As all parents do, I’ve tried to teach my boys right from wrong. Of course, there are times when doing the wrong thing results in an immediate reward for the person while doing the right things results in a near-term penalty. Young kids, being short-term thinkers, can often take the wrong path due to the short-term gain, even while knowing that it is the wrong thing to do.
To help NHL with handling this concept, I decided to introduce him to the concept of Karma. Karma, as I explained to NHL, is the concept that good things happen to those who do good deeds and bad things happen to people who do bad things. (Karma dates back to ancient India, but for NHL’s purposes, I relied on the modern interpretation.) NHL seemed to understand as we ran through a few scenarios describing what would be the right and wrong thing to do.
A week or so after we spoke about it, NHL, JSL, and I were watching Transformers: Prime. We’ve come to really like this incarnation of Transfomers and look forward to each new episode. This two-parter, Operation Bumblebee, saw Bumblebee lose his T-Cog. For those who didn’t watch, a T-Cog is the biomechanical organ that lets Cybertronians scan vehicles and transform. So when MECH, a group of humans trying to make their own Transformers, knock out Bumblebee and take his T-Cog, Bumblebee finds that he can’t transform anymore. Since transformation is so integral to what they are and since Bumblebee enjoys driving fast in his vehicle mode, this makes him feel useless to his team.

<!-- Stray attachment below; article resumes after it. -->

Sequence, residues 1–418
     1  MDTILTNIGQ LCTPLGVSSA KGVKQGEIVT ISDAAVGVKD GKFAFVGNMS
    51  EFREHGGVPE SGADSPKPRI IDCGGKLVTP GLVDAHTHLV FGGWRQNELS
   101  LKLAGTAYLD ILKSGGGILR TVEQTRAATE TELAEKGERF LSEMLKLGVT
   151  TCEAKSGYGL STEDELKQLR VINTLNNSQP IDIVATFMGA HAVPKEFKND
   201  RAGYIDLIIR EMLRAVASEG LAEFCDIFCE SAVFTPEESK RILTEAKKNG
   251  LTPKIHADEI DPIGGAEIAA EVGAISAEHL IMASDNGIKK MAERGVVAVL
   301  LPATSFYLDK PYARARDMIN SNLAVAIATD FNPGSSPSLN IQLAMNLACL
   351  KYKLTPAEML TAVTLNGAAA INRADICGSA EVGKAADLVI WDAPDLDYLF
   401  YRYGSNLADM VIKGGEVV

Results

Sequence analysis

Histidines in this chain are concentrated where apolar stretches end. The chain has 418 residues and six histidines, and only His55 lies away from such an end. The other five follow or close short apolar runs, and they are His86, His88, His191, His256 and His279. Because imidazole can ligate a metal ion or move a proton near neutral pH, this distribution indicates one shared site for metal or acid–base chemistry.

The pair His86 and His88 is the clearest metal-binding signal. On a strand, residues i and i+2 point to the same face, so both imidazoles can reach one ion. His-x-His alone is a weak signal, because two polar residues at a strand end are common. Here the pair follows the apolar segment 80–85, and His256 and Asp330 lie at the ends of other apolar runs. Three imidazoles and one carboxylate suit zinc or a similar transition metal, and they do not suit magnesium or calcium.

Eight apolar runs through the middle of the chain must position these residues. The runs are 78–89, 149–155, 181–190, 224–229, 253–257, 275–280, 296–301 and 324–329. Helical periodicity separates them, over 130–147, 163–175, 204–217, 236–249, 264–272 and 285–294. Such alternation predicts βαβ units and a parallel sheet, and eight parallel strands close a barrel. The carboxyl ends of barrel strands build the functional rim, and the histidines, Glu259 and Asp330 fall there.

Back to Starscream, though. We first see him arriving on the scene after Bumblebee was knocked out by MECH. (They had both been tracking the same signal that MECH used in their trap.) Starscream’s reaction wasn’t to help Bumblebee, but to muse "Better him than me."
After this, he follows MECH back to their headquarters and proposes an alliance. The alliance goes well enough until Bumblebee tracks them down and tries to retrieve his T-Cog. MECH’s troops prove no match for Bumblebee despite the robot being unable to use his weapons. (No T-Cog means no transforming his arms into guns.) As MECH retreats, its leader tells Starscream to bring the T-Cog. Starscream grabs it. He describes Bumblebee as pathetic and a failure for being unable to transform into vehicle mode. When it looks like Bumblebee will get his T-Cog back, Starscream shoots it. He leaves Bumblebee with one final taunt: "Time to jet.. because I can!" (Note to non-geeks: Starscream’s vehicle mode is a jet.)
Of course, MECH isn’t happy with Starscream for losing the T-Cog. When Starscream says they can get one soon enough from another Autobot, they zap Starscream and take his.
I intended to use this episode as a lesson in bullying. I described to NHL how Starscream took advantage of Bumblebee’s weakness, helped the people who hurt him, and taunted him to make him feel bad about himself. (Of course, schoolyard bullying rarely involves blasters.)
NHL, however, dredged up the Karma talk from a few weeks back and pointed out that it applied here. Impressed, I admitted that he was right. Starscream could have done the right thing by helping Bumblebee (either right away or after he tracked down MECH’s headquarters). Previous episodes have established that he can contact the Autobots (when he was in need of medical assistance). His actions throughout the episode were one bad action after another, right down to shooting the T-Cog to spite Bumblebee.
For his bad actions, something bad happened to him: He lost his own T-Cog. His description of Bumblebee as a pathetic failure who couldn’t achieve vehicle mode became him as he scampered away by foot.
I was extremely proud of NHL for remembering our lesson and for applying it so perfectly.